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Volume 20 No. 46
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Executives share their memories of putting together '94 World Cup

Twenty years ago, David Sternberg never imagined he’d build a career around soccer. He knew next to nothing about the sport when he took a temporary job with the 1994 World Cup organizing committee. He just wanted to do some sports-related work before he enrolled in business school at UCLA.

“Soccer wasn’t part of my long-term plan,” Sternberg said.

But over the past two decades, Sternberg has spent the majority of his career working around soccer — first at Fox Sports, later at Fox Soccer Channel, and now as the head of media at Manchester United. He’s one of dozens of people who worked on the 1994 World Cup who continue to work in the sport. Their professional involvement in the sport is a testament to the growth of the soccer business in the U.S. over the last two decades.

Organizers of the event faced plenty of obstacles stateside and plenty of scrutiny abroad.
Photo by: Getty Images
“The business of soccer has experienced a complete sea change,” Sternberg said. “Twenty years ago, you could barely find soccer on television. There was no professional league. It was something you parked your kids at on a Saturday afternoon and knew that when they got to high school they would play something else if they had any athletic skill whatsoever.”

Looking back, it’s hard to imagine how much things have changed. The U.S. bid to host the World Cup almost failed to materialize. The bid cost $1.5 million, and the bid committee only managed to raise half of that. California attorney Scott LeTellier, president of the organizing committee, left his law practice and mortgaged his home to secure the rest. Even after FIFA awarded the U.S. the World Cup, there was skepticism about it being played in America.

“The international soccer press was predicting that no one would come and that we would cut the game into quarters so we could have commercials,” said Hank Steinbrecher, who worked on the bid and was the former secretary general of U.S. Soccer. “We had every possible complaint registered against us beforehand.”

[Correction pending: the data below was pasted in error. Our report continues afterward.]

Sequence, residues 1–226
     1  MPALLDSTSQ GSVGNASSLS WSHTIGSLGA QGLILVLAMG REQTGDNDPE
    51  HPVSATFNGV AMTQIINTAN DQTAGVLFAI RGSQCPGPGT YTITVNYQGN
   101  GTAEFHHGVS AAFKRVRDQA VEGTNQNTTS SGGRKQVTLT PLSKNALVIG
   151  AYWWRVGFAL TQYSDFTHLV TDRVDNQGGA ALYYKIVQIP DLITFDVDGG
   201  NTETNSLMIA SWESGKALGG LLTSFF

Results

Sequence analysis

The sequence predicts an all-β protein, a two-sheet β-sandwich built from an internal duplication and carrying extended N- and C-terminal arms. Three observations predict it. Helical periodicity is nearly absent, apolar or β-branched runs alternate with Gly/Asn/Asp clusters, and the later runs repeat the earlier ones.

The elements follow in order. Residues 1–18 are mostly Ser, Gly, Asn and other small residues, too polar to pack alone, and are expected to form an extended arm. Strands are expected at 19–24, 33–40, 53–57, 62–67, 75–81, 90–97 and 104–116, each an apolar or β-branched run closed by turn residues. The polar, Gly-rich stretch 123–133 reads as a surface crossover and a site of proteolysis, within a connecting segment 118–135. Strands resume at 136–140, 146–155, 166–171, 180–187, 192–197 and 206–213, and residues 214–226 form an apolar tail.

The corporate community also had its doubts. Kathy Carter, who worked in marketing for the World Cup organizing committee, recalls meeting with potential sponsors and having to explain what the World Cup was. The U.S.
qualified for its first World Cup in 40 years in 1990, and the U.S. team lost every match it played. As a result, the event and the U.S. Soccer team weren’t relevant to most marketers.

“They knew a big event was coming, but I wouldn’t say the marketplace knew what that event was,” Carter said.

The sports industry was still in its infancy, and the organizing committee reflected that. Organizers cut a value-in-kind, loaded deal with Starkist Tuna and planned to feed it to volunteers, but Carter said it was so hot in the summer that it couldn’t keep the tuna fresh for the workforce.

“Our sponsors were Coke and Mars, and I had so little money that I had Snickers bars and Diet Coke all the time, and sometimes for dinner,” said Scott Rosner, who was in graduate school and working as the assistant manager of volunteers at Giants Stadium during the 1994 event. “I had a stomach ache for months and was too dumb to figure out why.”

There were other issues as well. Hours before a match at Stanford University in Palo Alto, Calif., a garbage truck knocked down a pedestrian footbridge near the stadium and took out all of the broadcast wires that ran from the stadium to nearby broadcast trucks.

“Miraculously no one was on the bridge,” Sternberg said. “Can you imagine a less auspicious start? We wound up taking the bridge down and routing people another way and getting the signal back up in time for the game.”